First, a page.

“Shut the door, come on over here, sit on the bed and we’ll celebrate”, he directs. He gropes around behind the pot in his bedside locker and produced a brown paper bag from which he extracts a bottle half -filled with a suspicious looking liquid. “There are two more glasses over there at the sink, get them and we’ll drink to your success”, he orders.

Next we walk up Henry Street for a meeting with Sister Loreto, the principal of Mary Immaculate Training College. She wishes me well, but without enthusiasm. Seems she knows which side her bread will be buttered on. The UCC side …

A beaming Tom McDermott, Limerick City Manager, who looks like a freshly-risen moon, greets me. He speaks of his plans for the derelict city and of the good work being done by Joe McHugh the director of the Regional Development Organisation and agrees to make introductions.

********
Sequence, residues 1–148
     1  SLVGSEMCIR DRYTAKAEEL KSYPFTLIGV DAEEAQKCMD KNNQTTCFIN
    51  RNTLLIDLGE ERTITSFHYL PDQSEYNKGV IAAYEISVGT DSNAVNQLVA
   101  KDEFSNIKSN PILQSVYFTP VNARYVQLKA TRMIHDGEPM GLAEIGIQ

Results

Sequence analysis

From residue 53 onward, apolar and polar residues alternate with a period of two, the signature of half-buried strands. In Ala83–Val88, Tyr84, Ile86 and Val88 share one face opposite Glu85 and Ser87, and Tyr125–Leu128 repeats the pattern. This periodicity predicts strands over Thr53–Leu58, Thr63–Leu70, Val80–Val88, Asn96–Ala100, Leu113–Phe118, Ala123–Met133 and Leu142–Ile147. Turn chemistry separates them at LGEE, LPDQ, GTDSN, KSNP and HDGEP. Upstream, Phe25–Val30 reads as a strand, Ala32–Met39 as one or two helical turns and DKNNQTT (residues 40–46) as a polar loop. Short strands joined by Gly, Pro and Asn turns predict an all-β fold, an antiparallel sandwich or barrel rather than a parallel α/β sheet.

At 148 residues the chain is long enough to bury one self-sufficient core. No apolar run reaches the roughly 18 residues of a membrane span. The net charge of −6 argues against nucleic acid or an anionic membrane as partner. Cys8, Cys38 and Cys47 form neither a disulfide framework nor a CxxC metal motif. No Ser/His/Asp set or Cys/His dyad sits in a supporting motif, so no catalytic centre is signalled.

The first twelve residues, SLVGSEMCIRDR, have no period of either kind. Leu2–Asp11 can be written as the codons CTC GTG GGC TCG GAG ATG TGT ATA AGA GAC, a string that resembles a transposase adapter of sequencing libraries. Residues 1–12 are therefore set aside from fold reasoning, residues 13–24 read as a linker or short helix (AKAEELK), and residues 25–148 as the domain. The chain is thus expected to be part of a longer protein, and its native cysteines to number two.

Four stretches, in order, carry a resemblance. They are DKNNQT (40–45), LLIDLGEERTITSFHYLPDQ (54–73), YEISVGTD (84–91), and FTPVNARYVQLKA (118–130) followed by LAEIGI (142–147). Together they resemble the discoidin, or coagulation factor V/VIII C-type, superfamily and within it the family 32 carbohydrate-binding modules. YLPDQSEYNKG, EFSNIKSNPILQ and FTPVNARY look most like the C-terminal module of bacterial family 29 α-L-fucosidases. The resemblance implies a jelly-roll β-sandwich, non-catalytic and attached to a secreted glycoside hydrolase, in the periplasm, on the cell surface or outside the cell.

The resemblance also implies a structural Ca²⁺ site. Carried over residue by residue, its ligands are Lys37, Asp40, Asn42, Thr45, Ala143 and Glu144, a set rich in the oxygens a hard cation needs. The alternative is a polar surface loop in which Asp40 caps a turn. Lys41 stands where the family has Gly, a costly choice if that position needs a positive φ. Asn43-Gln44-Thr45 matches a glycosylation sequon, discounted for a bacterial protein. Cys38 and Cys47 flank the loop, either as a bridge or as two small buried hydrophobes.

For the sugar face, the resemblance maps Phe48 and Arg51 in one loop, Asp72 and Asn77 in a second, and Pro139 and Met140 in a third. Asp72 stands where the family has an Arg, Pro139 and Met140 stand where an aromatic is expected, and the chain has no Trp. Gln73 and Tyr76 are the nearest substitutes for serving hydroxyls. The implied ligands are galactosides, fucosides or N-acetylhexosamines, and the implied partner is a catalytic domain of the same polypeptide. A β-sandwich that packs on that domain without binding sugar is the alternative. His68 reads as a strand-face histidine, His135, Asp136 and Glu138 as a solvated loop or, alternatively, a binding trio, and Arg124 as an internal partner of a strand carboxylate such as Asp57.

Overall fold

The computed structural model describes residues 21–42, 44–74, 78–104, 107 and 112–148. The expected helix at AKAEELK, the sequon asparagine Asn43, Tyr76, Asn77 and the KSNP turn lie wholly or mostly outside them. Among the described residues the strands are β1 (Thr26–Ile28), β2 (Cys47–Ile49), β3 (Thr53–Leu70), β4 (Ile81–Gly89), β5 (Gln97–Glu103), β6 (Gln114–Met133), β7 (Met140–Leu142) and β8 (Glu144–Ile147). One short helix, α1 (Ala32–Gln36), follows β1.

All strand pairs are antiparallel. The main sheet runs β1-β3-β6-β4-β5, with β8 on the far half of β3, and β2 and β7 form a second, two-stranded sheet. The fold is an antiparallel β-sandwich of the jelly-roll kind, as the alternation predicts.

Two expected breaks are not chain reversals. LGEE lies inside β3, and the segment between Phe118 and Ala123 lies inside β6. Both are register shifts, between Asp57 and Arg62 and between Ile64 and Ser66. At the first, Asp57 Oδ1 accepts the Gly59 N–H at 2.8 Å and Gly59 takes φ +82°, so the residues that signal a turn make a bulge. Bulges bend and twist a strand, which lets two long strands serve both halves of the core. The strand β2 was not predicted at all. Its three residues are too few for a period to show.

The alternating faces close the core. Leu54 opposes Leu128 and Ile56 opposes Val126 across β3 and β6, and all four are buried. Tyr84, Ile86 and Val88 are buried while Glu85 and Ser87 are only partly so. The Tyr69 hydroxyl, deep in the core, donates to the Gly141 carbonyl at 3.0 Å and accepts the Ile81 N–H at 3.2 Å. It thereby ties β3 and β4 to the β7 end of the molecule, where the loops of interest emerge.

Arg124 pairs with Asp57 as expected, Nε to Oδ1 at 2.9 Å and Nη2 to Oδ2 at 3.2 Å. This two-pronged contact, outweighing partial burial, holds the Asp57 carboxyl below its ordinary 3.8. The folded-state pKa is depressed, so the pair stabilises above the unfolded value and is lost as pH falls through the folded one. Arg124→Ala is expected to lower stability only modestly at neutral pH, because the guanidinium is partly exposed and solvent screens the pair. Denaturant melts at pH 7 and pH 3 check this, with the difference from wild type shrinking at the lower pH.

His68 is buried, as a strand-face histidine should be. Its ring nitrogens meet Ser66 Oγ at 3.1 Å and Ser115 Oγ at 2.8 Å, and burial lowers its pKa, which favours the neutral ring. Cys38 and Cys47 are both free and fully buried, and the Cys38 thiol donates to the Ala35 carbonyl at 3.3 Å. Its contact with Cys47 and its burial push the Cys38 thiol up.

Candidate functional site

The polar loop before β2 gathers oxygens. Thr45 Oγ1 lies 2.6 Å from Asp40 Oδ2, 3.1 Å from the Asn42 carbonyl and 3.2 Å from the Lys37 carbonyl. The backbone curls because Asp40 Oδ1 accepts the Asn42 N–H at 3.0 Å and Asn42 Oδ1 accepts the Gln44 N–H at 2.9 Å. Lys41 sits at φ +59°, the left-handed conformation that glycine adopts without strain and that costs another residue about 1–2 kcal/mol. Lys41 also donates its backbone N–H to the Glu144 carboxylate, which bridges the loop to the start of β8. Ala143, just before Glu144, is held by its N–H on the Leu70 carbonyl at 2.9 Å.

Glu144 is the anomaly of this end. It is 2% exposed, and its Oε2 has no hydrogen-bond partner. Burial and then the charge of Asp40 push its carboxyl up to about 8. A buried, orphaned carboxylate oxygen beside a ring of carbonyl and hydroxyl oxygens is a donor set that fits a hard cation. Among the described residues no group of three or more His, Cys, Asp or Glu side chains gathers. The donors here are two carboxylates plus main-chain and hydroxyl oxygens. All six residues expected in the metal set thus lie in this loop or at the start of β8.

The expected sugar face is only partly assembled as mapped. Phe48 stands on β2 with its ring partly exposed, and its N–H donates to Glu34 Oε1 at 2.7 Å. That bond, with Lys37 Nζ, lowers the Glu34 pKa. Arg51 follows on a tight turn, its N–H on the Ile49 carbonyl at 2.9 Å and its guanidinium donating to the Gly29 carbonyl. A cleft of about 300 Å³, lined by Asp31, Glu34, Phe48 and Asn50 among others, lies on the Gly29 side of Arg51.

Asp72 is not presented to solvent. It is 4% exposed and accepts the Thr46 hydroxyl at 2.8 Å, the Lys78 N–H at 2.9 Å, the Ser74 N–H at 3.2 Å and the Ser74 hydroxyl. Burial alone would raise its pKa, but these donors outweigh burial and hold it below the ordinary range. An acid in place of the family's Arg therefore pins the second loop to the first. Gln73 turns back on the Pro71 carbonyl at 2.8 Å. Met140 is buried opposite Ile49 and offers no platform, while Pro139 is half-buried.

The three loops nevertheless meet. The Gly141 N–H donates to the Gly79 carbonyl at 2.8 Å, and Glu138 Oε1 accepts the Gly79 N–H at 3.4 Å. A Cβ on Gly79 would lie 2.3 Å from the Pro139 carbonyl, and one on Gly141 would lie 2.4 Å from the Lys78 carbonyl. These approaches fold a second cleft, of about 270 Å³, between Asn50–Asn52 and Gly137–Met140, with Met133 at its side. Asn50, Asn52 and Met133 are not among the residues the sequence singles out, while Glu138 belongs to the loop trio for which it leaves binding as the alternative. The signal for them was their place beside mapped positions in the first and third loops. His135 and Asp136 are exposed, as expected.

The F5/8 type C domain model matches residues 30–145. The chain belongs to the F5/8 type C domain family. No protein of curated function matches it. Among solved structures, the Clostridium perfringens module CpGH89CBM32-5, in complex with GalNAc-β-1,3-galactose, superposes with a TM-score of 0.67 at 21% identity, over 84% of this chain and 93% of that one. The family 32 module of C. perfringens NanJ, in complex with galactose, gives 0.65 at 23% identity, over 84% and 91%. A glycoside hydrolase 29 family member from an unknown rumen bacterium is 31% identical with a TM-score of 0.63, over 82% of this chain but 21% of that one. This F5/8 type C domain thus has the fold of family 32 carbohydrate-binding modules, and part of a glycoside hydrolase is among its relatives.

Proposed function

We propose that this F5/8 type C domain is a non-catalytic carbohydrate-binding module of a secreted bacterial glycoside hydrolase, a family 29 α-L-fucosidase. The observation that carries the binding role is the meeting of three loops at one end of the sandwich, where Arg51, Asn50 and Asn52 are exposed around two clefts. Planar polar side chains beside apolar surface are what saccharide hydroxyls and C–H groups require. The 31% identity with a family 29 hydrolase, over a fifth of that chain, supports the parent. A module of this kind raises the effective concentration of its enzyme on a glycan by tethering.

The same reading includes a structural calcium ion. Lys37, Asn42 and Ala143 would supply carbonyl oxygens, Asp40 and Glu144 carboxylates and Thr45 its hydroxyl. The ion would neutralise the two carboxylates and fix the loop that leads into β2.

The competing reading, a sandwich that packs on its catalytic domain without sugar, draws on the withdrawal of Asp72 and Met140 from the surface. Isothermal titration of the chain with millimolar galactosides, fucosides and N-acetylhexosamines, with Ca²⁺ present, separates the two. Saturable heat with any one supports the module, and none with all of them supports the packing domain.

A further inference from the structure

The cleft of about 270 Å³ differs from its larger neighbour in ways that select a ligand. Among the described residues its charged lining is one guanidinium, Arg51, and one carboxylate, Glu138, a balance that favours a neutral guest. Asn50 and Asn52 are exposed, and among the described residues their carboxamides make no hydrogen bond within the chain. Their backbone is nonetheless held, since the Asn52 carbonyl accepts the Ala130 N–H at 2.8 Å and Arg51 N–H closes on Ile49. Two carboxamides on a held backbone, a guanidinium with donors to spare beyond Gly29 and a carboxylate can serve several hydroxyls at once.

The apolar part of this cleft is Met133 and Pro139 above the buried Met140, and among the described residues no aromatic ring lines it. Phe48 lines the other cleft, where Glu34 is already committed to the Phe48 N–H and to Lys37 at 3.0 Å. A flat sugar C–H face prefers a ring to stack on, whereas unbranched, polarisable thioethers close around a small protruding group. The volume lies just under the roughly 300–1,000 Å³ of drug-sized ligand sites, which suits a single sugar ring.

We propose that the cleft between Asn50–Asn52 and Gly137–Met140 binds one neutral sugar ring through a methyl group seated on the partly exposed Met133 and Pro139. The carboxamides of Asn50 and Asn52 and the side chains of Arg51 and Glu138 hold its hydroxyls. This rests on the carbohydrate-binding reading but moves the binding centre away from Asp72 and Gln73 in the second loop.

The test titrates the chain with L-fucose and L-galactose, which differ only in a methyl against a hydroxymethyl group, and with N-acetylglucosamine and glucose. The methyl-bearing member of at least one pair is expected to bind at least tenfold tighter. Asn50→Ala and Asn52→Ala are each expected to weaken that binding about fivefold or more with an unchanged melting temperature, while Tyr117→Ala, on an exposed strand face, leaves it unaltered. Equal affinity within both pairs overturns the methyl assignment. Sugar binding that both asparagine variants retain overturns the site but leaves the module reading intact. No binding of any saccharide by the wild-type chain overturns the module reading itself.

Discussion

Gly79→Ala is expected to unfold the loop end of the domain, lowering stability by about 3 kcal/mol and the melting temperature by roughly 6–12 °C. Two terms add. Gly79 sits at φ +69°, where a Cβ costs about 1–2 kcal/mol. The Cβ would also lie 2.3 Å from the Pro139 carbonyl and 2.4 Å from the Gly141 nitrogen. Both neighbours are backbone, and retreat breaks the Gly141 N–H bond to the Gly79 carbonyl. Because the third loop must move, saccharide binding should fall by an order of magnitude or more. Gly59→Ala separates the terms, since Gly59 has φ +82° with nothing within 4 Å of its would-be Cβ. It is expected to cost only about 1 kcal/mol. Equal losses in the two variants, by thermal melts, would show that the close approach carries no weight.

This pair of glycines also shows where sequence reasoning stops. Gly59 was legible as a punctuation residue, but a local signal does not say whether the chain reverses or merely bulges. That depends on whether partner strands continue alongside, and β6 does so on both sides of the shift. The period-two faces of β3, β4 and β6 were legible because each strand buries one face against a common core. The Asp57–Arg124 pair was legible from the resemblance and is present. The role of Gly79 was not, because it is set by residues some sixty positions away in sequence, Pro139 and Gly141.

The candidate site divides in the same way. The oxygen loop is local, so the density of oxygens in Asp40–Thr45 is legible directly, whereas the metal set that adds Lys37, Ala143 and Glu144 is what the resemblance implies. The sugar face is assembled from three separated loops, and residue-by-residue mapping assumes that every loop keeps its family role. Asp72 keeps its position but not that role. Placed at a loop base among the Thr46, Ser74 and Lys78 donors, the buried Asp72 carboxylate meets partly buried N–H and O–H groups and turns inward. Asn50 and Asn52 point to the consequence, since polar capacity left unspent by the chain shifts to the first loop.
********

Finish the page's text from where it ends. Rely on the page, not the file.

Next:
Then to Shannon to meet Paul Quigley and his dynamic team at Shannon Development. Here is a reservoir of talent and fresh thinking that I can depend on. Back to Limerick to give a press conference to a curious and large group of national and regional reporters. Afterwards I meet with Margaret Lyddy and Jim Lyons of the Limerick University Project Committee. They give me a civil but reserved reception. After bacon, egg and sausages in Hanratty’s I go through the cold dark streets to meet Mr. Finnan, President of the Trades Union Council at the Mechanics’ Institute. I spend the rest of the evening with him and his colleagues discussing my mission, sitting before a roaring coke fire that provide the room with both intense heat and its main source of light. When at length I stand to leave I am told, to my great satisfaction, that I have the full backing of the Council.